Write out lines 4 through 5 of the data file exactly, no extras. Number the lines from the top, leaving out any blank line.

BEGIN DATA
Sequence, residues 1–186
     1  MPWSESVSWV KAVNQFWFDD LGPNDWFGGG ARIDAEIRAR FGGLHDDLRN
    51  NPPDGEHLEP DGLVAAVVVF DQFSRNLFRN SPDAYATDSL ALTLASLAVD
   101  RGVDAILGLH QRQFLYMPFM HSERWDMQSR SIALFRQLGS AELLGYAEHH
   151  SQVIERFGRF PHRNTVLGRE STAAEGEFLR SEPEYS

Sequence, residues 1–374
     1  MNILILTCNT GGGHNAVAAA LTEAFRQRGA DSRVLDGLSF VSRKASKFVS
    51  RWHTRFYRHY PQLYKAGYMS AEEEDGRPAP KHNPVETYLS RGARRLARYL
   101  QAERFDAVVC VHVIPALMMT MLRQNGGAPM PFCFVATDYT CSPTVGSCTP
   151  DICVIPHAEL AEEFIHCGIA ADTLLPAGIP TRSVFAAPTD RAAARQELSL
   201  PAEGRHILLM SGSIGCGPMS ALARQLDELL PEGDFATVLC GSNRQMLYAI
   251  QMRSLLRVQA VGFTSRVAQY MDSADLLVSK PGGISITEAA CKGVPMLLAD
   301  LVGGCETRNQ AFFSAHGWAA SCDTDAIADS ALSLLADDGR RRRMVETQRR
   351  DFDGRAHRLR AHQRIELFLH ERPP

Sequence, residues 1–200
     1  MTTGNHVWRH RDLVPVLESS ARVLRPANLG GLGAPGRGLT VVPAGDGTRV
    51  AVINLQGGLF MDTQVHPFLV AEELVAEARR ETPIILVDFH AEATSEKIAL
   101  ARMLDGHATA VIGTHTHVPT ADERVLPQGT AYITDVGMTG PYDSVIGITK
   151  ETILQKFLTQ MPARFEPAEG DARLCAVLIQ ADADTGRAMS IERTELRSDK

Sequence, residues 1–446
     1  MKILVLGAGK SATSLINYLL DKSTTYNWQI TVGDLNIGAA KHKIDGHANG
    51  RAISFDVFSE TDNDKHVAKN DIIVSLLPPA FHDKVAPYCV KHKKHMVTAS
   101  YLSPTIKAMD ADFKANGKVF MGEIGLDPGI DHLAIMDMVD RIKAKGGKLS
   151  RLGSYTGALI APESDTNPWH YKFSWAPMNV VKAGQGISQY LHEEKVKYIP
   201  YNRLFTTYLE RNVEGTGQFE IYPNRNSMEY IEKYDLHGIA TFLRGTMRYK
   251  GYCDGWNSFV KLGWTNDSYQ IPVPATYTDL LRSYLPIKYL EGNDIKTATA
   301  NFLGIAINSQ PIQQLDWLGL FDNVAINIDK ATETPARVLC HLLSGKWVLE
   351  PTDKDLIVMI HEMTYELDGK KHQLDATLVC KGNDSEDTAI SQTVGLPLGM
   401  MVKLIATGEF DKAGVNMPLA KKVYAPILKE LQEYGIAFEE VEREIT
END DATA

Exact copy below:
   101  RGVDAILGLH QRQFLYMPFM HSERWDMQSR SIALFRQLGS AELLGYAEHH
   151  SQVIERFGRF PHRNTVLGRE STAAEGEFLR SEPEYS